ISO-9241-16 › Ergonomic requirements for office work with visual display terminals (VDTs) -- Part 16: Direct manipulation dialogues
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This part of ISO 9241 provides guidance on the design of direct manipulation dialogues. In direct manipulation dialogues the user directly acts on objects on the screen; for example, by pointing at them, moving them and/or changing their physical characteristics (or values) via the use of an input device. Such objects are typically concrete, often graphical, representations of abstract software structures or capabilities and generally fall into two categories.
- Task object — a metaphorical representation of a real-world artefact manipulated to support the user's task (e.g. a sheet of paper, pen, spanner, graph).
- Interface object — an object introduced into the interface so that the user can perform tasks related to the use of the computer application or system. This introduced object may be a real-world object but the metaphor is not directly related to the user's real work task (e.g. button, slider, window, screen).
Objects and their representations on the display are referred to as objects, except where it is necessary to make a clear distinction.
Interfaces that use stereoscopic or virtual reality-type interfaces are not covered in this part of ISO 9241.
In practice, the term direct manipulation is often used interchangeably with graphical user interfaces (GUIs). However, within GUIs other dialogue techniques, such as menu dialogues or command dialogues, are often implemented as well. Though GUIs can provide many direct manipulation features, not every user input in GUIs can be interpreted as direct manipulation. For example, printing a document by moving a document icon upon a printer icon implies a higher degree of direct manipulation than a mouse click on a push button labelled "print".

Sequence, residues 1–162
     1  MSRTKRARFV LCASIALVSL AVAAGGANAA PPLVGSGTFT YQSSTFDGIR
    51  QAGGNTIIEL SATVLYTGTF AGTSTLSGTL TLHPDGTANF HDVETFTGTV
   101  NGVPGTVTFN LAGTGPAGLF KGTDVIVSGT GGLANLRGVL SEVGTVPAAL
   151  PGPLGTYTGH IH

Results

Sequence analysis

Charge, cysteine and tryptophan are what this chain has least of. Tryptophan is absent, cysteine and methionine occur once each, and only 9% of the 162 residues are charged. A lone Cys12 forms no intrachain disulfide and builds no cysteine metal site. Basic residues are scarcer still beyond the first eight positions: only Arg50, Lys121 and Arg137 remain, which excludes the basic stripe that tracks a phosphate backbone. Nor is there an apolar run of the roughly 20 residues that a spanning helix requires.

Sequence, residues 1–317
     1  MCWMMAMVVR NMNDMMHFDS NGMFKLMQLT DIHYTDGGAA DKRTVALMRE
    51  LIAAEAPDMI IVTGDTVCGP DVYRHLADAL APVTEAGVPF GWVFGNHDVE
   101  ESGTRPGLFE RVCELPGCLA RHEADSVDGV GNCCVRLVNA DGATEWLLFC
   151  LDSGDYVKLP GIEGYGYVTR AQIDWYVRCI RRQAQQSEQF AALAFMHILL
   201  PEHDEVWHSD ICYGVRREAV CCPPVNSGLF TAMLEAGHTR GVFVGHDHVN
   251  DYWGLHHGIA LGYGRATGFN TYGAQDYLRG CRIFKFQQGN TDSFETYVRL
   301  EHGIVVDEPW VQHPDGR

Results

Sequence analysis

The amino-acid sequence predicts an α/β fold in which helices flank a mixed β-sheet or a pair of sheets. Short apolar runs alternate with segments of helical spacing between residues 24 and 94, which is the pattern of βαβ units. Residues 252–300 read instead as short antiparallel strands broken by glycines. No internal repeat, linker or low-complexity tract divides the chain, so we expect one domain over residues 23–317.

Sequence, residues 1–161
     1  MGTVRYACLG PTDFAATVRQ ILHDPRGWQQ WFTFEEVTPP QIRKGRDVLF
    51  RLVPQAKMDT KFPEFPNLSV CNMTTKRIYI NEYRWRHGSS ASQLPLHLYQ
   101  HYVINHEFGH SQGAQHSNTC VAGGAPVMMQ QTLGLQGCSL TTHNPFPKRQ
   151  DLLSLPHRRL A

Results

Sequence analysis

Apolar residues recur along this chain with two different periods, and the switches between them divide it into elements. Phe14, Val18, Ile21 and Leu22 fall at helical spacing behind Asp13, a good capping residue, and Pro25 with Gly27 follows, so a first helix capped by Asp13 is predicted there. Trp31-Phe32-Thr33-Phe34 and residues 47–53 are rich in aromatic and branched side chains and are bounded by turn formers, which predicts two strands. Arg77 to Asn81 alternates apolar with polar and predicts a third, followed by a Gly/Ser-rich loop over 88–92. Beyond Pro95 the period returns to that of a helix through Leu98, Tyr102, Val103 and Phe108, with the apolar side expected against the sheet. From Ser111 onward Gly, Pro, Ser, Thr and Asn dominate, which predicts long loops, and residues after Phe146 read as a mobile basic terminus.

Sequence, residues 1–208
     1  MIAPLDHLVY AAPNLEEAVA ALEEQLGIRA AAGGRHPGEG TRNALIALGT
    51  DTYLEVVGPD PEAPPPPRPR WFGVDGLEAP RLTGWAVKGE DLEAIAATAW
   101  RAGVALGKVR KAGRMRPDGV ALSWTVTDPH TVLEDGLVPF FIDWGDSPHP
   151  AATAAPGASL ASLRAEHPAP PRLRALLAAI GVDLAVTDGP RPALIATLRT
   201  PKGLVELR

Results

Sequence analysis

This part of ISO 9241 covers usability issues of direct manipulation dialogues. Recommendations on GUI components are given only if they are related specifically to features of direct manipulation.
Features of direct manipulation dialogues such as step-by-step input may be inefficient (e.g., if one wishes to delete all files starting with "d"). Therefore, other interaction techniques; for example, command input or menus, may be more appropriate and are typically used to supplement direct manipulation.
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Sept. 1, 1999
ISO TC 159/SC 4/WG 5